New Delhi: The setting up of a fast-track court at South Delhi’s Saket Court complex has paved the way for a speedy trial in the December 16 gang-rape case of a 23-year-old physiotherapy intern who subsequently died on December 29 in a Singapore hospital.
The Delhi High Court on Thursday notified the names of six judges for fast-track courts set up to conduct the speedy trial of rape cases in the metropolis. The brutal gang rape case will be heard in the court of Yogesh Khanna.
Fast-track courts became a reality when the XI Finance Commission recommended a scheme for creation of 1,734 fast-track court courts in the country for disposal of long pending cases and clearing the massive backlog in courts. The scheme was launched on an experimental basis for five years and was supposed to end on March 31, 2005. Its success, however, encouraged the governments to continue with the scheme.
Setting up fast-track courts is the responsibility of the state governments which is done in consultation with the concerned High Courts while the finance is provided by the federal finance ministry.
The concept of fast-track courts is based on Article 21 of the constitution which guarantees speedy trial.
The right to a speedy trial is first mentioned in a landmark document of the English law, Magna Carta. The concept of right to speedy trial has since grown. While they are called country courts in western nations and hear serious criminal offences excluding treason, murder and manslaughter, fast-track courts since its inception is hearing both civil and criminal cases in India.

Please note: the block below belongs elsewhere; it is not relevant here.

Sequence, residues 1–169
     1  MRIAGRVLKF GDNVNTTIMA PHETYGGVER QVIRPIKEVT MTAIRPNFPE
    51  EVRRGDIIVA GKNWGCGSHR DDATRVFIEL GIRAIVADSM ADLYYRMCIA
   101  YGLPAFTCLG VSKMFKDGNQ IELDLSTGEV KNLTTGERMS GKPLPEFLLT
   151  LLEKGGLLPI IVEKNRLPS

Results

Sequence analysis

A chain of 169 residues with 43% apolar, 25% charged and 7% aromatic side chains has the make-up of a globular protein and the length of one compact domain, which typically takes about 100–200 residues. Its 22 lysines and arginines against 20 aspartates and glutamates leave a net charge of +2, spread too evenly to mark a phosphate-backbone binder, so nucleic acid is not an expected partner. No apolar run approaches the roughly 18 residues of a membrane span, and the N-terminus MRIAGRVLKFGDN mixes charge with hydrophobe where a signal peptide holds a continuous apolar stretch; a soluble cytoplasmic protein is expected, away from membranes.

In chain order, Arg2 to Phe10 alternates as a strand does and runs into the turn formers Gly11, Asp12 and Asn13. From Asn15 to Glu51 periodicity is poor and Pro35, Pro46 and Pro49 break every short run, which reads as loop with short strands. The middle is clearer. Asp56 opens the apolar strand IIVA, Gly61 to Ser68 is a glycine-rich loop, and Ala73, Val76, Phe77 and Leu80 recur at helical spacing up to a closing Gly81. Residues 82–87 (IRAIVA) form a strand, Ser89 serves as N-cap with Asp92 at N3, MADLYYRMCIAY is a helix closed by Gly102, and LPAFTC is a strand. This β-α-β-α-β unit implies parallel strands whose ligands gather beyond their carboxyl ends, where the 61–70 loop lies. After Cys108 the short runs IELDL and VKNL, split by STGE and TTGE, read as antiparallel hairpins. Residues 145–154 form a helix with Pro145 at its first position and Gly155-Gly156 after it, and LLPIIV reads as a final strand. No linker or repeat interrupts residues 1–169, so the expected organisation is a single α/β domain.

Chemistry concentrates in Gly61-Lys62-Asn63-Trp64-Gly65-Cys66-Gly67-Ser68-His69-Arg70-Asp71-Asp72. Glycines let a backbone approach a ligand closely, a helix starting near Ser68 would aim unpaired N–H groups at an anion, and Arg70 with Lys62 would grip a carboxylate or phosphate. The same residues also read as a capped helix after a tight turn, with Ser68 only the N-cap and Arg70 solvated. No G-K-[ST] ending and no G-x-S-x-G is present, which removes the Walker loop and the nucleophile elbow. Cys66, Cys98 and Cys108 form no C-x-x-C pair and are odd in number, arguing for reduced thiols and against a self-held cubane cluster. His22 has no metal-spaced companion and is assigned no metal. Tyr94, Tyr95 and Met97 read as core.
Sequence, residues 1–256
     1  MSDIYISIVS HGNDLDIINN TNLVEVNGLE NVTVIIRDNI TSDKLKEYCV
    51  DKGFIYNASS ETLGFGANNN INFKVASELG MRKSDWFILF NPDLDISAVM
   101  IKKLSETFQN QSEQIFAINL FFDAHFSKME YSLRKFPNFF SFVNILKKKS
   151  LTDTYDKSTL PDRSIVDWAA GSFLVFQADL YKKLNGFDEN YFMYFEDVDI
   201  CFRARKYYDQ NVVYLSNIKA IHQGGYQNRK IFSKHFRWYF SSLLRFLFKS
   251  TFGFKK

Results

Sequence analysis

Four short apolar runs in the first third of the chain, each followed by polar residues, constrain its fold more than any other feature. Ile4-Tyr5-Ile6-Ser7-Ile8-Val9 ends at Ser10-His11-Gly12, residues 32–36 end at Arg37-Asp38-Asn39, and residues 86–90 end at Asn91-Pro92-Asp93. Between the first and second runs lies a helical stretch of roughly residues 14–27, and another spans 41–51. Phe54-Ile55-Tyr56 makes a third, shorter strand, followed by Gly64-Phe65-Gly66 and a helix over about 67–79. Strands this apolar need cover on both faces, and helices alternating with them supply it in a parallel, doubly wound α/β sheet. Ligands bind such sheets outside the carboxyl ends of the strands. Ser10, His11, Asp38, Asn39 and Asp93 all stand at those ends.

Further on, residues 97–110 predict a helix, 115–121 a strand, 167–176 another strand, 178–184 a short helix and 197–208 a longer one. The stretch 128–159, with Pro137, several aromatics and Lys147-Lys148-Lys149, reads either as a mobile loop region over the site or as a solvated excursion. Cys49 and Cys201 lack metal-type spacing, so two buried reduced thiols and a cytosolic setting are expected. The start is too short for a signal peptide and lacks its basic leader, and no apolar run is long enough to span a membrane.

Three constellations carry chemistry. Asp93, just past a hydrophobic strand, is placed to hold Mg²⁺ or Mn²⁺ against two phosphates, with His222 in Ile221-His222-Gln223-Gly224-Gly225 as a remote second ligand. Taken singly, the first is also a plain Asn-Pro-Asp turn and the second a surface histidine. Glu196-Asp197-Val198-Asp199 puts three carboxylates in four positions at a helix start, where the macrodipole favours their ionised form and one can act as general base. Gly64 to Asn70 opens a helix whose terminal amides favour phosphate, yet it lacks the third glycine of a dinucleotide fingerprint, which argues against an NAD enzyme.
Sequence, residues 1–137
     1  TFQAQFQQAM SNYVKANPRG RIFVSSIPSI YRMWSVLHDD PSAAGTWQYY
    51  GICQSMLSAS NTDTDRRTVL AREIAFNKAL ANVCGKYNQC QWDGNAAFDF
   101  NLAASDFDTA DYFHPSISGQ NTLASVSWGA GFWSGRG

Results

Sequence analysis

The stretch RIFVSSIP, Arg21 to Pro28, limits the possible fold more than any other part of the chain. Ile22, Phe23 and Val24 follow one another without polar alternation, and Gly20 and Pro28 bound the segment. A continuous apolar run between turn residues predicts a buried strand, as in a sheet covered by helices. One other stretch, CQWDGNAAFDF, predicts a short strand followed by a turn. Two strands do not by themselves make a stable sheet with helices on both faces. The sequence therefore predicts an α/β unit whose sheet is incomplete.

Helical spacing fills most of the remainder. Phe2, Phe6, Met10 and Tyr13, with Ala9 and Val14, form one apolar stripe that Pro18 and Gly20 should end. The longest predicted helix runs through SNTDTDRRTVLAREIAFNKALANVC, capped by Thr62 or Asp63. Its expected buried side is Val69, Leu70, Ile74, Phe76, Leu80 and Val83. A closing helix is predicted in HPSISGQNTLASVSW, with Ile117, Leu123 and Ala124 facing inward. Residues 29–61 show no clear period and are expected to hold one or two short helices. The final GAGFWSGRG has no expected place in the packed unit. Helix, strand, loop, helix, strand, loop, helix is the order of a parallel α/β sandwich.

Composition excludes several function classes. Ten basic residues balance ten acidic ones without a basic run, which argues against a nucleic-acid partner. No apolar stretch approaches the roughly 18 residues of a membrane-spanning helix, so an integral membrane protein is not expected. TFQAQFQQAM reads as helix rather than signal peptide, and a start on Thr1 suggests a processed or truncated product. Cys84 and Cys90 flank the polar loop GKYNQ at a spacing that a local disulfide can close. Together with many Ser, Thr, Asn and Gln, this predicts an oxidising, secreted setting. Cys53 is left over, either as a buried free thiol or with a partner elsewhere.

Fast-track courts judges are appointed on an ad hoc basis from a group of retired sessions and additional sessions judges, judges promoted on ad hoc basis and posted in these courts or from among members of the Bar by the concerned High Court.
The original idea was that each of such courts would be required to dispose of 14 sessions trial cases and/or 20 to 25 criminal/civil cases every month.
The need for fast-track courts were felt mainly because of the vast number of pending cases in various courts and overcrowding in jails.
While the total number of pending cases are estimates to be in excess of 20.64 million, including over 50,000 in the Supreme Court itself, Indian jails are accommodating convicts and under trials at more than their original capacity leading to congestion, unhygienic conditions and a lack of basic amenities.
The 1,315 prisons in India have an authorised capacity of 252,117 prisoners only. However, according to estimates there is at least 36 per cent overcrowding in jails.
Authorities thus came up with the idea of fast-track courts and Lok Adalats for speedy disposal of pending cases and improve the overall situation in prisons.
Lok Adalats (Prison Courts) is held inside prisons to dispose off cases of undertrials involving petty offences like theft, retaining stolen property, breach of the peace and like minor offences.
Fast-track courts on the other hand are meant to cut short delays in regular courts.
Fast-track courts have over the years helped deliver speedy justice, particularly in rape cases. Rapists generally are given bail and there have been instances when they have committed more such crime while on bail. Since the fast-track courts deliver judgment fast, at times in less than a month, the accused is sent to jail instead of setting free on bail.
A 32-year-old hotel manager who raped a British journalist at Udaipur in Rajasthan was sentenced to life imprisonment by a fast-track court within months of the crime, while another fast-track court at Alwar in the same state sentenced accused B.H. Mohanty, son of a senior Orissa police officer, to seven years imprisonment for raping a German research student within 23 days of the crime taking place in April 2006 after deliberating it for just nine days.
One of the reasons fast-track courts manage to speed justice is because of the absence of adjournments. While normal courts adjourn hearings often on even flimsy grounds, fast-track court conduct trial on day-to-day basis, one case at a time.